Some tips to Overcome Food Cravings
By Kodie Talley
“All behaviors come from underlying desires and changing the root cause of that behavior could have more affect.” – Anne Hsu, a Behavioral Scientist at Queen Mary’s University of London.
Chocolate. Cookies. Brownies. I crave all the yummy creamy delights with ice cream on top! For a while I was eating ice cream every single night…sometimes even in replacement of dinner. I’m not kidding. I thought that since I spent an hour at the gym it wouldn’t matter. And then I wondered why I wasn’t seeing progress on my weight and health goals!
As a fitness coach and health advocate, I hear from a lot of people who get discouraged because they work so hard and yet they aren’t seeing the results they envision. It’s difficult to desire progress and use it as your motivation each day only to feel you have not improved months later.
Well, something many of these people have in common is submitting to their cravings. Even if it’s not every day it can still make an impact on your progress. Oftentimes, people will eat clean for 5 days and allow the weekends to be a free for all with alcohol and all the foods they restricted during the week (pizza, burgers, ice cream). Even if you’re eating clean most of the time, all the garbage you’re allowing two days of the week is going to set you back.
Many people try to take an 80/20 approach to their diet. This means that 80% of the time they eat clean, and 20% of the time they give in to their food cravings. But what people don’t understand is that the 20% doesn’t mean 2 days out of the week you can just eat whatever your heart desires all day long. In my opinion, what 80/20 really means is Saturday you allow yourself the bowl of ice cream (but let’s not go crazy, only have 1 serving (3/4 cup)). And then maybe Wednesday you treat yourself to a dinner out. Another example is, if you have a wedding or a dinner party, or some social event, you can eat the food! Use that as your 20%, just plan ahead.
Personally, I follow a 90/10 approach to my diet. This means 10% of the time I give in to my cravings. It’s typically about 1 weekend a month and it usually falls on some holiday or monthly celebration.
Here are a few ways to get rid of your food cravings to stay strong during your 80%:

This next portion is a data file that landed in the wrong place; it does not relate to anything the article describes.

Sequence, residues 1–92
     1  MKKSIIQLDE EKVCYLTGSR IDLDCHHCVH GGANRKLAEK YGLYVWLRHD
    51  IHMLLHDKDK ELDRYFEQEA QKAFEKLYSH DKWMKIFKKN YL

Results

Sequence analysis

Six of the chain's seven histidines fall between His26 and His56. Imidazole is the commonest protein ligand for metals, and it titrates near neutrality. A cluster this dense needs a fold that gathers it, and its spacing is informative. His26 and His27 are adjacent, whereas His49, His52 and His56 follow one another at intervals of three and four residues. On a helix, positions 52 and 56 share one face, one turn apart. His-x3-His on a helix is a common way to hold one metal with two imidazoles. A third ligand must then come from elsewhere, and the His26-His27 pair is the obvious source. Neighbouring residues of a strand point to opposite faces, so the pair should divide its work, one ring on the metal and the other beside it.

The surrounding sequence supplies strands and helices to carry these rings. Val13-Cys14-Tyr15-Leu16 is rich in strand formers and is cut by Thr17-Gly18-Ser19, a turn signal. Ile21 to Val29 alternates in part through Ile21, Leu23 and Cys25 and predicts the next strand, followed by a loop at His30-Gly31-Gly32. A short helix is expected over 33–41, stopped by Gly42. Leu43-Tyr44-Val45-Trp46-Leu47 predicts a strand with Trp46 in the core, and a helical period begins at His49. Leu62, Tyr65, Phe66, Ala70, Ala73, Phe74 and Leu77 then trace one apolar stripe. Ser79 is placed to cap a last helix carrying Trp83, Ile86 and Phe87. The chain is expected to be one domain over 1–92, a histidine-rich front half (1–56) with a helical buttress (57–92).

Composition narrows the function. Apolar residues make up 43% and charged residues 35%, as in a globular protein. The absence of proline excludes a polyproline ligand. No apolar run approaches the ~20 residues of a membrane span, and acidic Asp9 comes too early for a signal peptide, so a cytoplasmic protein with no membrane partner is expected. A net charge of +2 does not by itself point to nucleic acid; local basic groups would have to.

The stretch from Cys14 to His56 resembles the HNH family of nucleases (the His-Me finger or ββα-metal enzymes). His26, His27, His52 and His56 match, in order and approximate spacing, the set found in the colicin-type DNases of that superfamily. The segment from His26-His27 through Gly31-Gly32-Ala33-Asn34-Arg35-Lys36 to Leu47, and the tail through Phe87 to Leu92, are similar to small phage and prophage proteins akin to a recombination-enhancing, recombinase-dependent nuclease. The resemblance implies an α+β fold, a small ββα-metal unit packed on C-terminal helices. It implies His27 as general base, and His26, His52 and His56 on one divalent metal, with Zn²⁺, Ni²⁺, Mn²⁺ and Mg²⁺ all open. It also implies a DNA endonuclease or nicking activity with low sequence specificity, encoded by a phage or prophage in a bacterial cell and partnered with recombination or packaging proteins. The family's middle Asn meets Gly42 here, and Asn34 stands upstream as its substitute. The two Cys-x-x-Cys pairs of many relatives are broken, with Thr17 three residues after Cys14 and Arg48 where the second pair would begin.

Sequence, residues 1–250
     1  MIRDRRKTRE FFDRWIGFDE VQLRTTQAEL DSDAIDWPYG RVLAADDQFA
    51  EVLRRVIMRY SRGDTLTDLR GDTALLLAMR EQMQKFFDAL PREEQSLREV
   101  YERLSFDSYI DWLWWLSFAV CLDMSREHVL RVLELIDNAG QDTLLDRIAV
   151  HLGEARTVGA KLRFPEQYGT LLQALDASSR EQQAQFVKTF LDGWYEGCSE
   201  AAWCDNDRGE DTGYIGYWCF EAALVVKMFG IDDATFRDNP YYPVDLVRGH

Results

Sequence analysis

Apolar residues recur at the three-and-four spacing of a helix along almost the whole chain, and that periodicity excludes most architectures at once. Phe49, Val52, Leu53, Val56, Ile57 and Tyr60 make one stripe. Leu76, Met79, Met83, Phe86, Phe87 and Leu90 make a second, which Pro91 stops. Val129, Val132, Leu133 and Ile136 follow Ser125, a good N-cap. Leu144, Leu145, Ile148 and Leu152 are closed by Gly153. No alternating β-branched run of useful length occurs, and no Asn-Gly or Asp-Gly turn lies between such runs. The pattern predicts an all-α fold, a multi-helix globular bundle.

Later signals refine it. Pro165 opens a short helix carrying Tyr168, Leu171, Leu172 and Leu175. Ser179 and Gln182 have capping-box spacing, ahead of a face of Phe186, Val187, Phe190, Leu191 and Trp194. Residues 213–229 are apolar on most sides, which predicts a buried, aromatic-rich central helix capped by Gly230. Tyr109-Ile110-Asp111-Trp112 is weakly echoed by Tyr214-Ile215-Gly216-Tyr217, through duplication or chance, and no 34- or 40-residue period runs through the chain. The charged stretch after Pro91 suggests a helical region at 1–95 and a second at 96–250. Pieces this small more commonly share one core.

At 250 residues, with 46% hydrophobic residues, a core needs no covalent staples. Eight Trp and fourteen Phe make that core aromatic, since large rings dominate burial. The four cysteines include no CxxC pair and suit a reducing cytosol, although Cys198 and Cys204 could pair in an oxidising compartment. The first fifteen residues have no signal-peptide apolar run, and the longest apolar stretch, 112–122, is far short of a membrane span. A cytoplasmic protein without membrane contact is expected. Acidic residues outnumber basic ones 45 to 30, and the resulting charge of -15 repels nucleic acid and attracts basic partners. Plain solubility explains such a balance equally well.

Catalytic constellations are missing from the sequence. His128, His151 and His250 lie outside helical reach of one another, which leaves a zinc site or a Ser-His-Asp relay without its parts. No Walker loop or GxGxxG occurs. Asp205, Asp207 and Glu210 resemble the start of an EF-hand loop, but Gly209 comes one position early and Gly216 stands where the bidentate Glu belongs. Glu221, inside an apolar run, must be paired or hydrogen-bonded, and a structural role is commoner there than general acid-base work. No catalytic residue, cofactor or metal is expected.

1) Distract yourself – The theory is that cravings are caused by your imagination – imagining how good that ice cream is going to taste. According to some recent research by Anne Hsu, a Behavioural Scientist at Queen Mary’s University of London, “If you hijack that part of the brain [that is imagining the food] then it can’t sustain the craving anymore. ” In her research she used an app to get people to imagine something different – a forest, or a white horse, for example – when they felt a craving. The results showed significant reductions in unhealthy snacking. A different study recently showed that the computer game Tetris, if played for just three minutes, can weaken cravings for food.
3) Find alternatives – Try grapefruit, small red baked potatoes, carrots, and salads filled with greens and fiber. These foods work by filling people up quickly, but they all work by buying time, particularly the grapefruit as the slow, strategic method of eating one can lead to a craving forgotten. This is according to Mary Beth Sodus, a Nutritional Therapist and Registered Dietician at the University of Maryland Medical Center.
4) Be Mindful – When you try these alternatives be MINDFUL about it. I’d advise, if you’re craving ice cream, eat something that has the same texture as ice cream, maybe some healthy yogurt (you could even freeze the yogurt). While you’re eating this alternative close your eyes and feel the food on your tongue. Let your taste buds savor it.
5) Attack the root cause – Think about why you’re craving this food item. Is it because you just finished dinner and you want dessert? Maybe you’re an emotional eater and something’s bothering you. Or quite possibly you’re just bored. Be mindful of the root of your cravings and maybe you can change something about the underlying cause.
Kodie Talley graduated from the University of Idaho with a B.S. in Exercise Science and Health and a minor in International Studies. She hopes to use her degree to pursue a career in Fitness Entrepreneurship and travel abroad to serve underprivileged communities. Kodie is originally from Washington State and moved to Waco in May 2016 to intern at the Health District and live with her significant other who is attending Baylor for his masters. So far she is loving Texas and how welcoming the Waco community has been!
The Act Locally Waco blog publishes posts with a connection to these aspirations for Waco. If you are interested in writing for the Act Locally Waco Blog, please email [email protected] for more information.